The other day I had a phone call from a lady I’ve been working with currently. She was incredibly frustrated as she described the three meetings that she had attended that particular day.
“Nothing gets achieved, Barbara. We all just sit around to discuss what needs to happen and then discuss the next meeting. We spend more time talking about the latest TV show then getting anything done. It’s driving me nuts, as I just don’t see the point!”
Unfortunately going to endless meetings is a frustration that I hear about all the time. You start work on a Monday morning to find that without even trying your diary is packed with back to back meetings. Your day is spent going from one to another whilst trying to complete snippets of work throughout the day, desperately trying to keep on top of your ever growing ‘to do’ list or even squeezing in enough time to eat a sandwich.
I’m sure we all agree that going to one meeting after another is just a necessary evil if they prove to be productive, but if they’re not they can just leave you feeling drained, frustrated, stressed and that you’ve wasted your time and achieved absolutely nothing.
Meetings generally are a great way to get a number of people around a table to discuss a common topic. At best they are incredibly productive and a great time saving device as many decisions can be made quickly, actions assigned and deadlines agreed.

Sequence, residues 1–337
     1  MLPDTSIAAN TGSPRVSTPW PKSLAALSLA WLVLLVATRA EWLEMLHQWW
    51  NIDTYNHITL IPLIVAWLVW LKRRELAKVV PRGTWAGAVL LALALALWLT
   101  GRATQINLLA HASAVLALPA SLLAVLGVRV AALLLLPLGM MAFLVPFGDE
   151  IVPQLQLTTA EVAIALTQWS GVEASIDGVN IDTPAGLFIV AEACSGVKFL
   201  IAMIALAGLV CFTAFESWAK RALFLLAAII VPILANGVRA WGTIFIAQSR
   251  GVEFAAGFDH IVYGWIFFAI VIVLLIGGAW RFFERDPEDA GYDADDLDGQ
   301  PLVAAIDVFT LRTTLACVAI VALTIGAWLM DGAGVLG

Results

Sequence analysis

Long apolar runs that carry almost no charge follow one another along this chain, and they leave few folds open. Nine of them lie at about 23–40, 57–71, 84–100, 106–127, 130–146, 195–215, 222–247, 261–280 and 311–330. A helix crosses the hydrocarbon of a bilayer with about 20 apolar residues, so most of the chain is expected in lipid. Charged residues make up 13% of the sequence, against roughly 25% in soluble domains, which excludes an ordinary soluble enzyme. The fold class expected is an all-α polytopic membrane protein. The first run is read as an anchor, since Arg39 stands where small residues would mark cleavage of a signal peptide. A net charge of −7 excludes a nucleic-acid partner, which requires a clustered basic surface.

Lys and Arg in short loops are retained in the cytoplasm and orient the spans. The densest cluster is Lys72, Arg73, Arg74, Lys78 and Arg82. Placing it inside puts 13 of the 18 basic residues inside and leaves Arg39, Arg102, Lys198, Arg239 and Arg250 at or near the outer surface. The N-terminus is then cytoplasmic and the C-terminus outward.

At worst they do none of these and just serve to waste time. I’m sure I’m not alone in the experience of attending a meeting with no fixed purpose, a lot of procrastination and even too much time chatting about topics that are not relevant.
In order for a meeting to be productive it has to have a purpose – a valid reason for everyone to give up their time to attend.
So, next time you get invited to attend a meeting – ask yourself these questions:
What is the purpose of this meeting and what will be achieved?
Every meeting has to have a point, a reason for it being held in the first place. Unfortunately for many meetings this is left unclear, and although it may have a project title, it doesn’t articulate exactly why the meeting is being held and what is expected to be achieved. Before agreeing to attend a meeting, understand its point, and at the very least you can start to prepare properly beforehand.
What contribution am I expected to give and why do I need to attend?
Now that you understand the reason behind the meeting, the next step is to decide whether you actually need to attend or not. There may be situations where the chair is unclear of who would be the best person to attend, so invites the manager of a particular department, rather than the subject matter expert. You may also become the ‘go to’ person for that particular department and find yourself being invited to meetings unnecessarily.
Have a think about the contribution you are expected to give, and if you’re unsure, ask. You can then decide whether you need to attend at all or if you can contribute in some other way.
Do I need to attend all of the meetings?
Sometimes when we’re invited to be on a project group there is the assumption that we have to attend all of the meetings. This doesn’t have to be the case. Speak to the chair and explain that you’re happy to be involved and to be kept in the loop with the minutes, however, you only plan to attend the meetings where you can add most value.
Can one of my team attend in my place as a development opportunity?
It may be that the time is right for you to start to delegate some of your meetings to a member of your team. This is a great way to develop someone else, but also a fantastic way to free up some of your time. Don’t forget to be available for support should they need it.
And finally, if you do find yourself in a meeting that doesn’t seem to be going anywhere, don’t be afraid to nudge the conversation back on track. Others will definitely thank you for it.